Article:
The railroad's charter, written single-handedly by Cyrus K. Holliday in January 1859, was approved by the state's governor on February 11 of that year as the Atchison and TopekaRailroad Company for the purpose of building a rail line from Topeka, Kansas, to SantaFe, New Mexico, and then on to the Gulf of Mexico.
Dining along the SantaFe was often a memorable experience, whether it be on-board in a dining car, or at one of the many Harvey House restaurants that were strategically located throughout the system.
SantaFe discontinued ferry service in 1933 due to the effects of the Great Depression; the construction of the San Francisco-Oakland Bay Bridge initiated the slow decline in demand for SP's ferry service, which was eventually discontinued as well.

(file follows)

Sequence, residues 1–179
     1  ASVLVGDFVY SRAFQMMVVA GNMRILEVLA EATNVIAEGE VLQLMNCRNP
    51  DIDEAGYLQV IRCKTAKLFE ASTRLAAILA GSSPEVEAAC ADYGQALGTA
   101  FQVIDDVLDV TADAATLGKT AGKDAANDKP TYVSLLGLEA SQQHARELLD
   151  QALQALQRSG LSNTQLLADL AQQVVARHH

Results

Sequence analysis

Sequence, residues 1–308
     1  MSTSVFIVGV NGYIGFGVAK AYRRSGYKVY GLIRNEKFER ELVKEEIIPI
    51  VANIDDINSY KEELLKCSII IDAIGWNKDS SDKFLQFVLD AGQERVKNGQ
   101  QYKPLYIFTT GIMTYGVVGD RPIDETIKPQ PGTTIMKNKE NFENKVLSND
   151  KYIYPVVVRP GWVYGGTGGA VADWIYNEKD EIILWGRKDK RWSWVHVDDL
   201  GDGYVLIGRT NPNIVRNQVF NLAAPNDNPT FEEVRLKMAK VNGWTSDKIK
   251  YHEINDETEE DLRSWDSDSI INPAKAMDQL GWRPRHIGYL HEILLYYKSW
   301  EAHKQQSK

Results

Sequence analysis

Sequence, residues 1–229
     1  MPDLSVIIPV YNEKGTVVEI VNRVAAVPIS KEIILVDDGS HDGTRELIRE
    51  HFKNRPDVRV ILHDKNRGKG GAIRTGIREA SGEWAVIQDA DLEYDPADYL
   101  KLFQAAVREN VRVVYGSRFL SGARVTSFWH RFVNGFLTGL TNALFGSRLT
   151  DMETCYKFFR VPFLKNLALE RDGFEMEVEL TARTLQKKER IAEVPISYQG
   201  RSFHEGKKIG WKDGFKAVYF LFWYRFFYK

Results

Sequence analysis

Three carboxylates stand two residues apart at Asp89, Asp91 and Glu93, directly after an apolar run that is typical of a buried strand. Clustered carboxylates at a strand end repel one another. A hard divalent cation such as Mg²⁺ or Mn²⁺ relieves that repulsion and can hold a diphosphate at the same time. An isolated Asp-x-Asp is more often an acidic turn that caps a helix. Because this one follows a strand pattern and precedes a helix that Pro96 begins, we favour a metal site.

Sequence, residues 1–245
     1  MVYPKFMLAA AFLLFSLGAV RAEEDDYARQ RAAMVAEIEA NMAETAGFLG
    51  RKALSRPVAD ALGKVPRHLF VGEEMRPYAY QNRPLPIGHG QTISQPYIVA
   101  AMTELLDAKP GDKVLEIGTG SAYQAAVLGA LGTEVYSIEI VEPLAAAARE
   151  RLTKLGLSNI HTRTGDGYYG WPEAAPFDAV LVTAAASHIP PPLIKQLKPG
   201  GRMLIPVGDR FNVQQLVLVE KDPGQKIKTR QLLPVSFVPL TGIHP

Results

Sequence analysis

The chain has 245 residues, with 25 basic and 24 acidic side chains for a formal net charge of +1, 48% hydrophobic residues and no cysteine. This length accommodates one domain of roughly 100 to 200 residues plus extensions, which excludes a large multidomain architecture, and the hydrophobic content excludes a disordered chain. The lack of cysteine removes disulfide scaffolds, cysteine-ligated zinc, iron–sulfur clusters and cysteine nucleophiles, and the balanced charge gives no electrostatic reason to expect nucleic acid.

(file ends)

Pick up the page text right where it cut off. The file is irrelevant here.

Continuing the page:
It is situated east of and across Garrard Boulevard from the present Burlington Northern SantaFe (formerly Atchison, Topeka and SantaFeRailroad) yards and the former depot.
Atchison Village, built across the street from the former location of the AtchisonTopeka and SantaFeRailroad depot and yards, was designed with winding streets, spacious yards, simple one and two story wood duplexes and fourplexes and a community center and park.
Atchison Village was selected as the first pilot project because it was a coherent neighborhood with an existing organizational fabric, and it happened to be in one of Richmond's highest crime areas.
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